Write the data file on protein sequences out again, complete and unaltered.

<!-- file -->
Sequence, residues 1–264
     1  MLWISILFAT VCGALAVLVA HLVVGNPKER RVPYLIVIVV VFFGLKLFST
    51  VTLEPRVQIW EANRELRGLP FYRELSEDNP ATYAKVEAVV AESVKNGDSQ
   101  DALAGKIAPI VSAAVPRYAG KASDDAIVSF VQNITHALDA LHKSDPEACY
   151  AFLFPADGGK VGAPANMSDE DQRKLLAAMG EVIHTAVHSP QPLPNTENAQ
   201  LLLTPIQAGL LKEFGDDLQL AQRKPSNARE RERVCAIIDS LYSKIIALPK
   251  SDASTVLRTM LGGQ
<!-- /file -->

Sequence, residues 1–264
     1  MLWISILFAT VCGALAVLVA HLVVGNPKER RVPYLIVIVV VFFGLKLFST
    51  VTLEPRVQIW EANRELRGLP FYRELSEDNP ATYAKVEAVV AESVKNGDSQ
   101  DALAGKIAPI VSAAVPRYAG KASDDAIVSF VQNITHALDA LHKSDPEACY
   151  AFLFPADGGK VGAPANMSDE DQRKLLAAMG EVIHTAVHSP QPLPNTENAQ
   201  LLLTPIQAGL LKEFGDDLQL AQRKPSNARE RERVCAIIDS LYSKIIALPK
   251  SDASTVLRTM LGGQ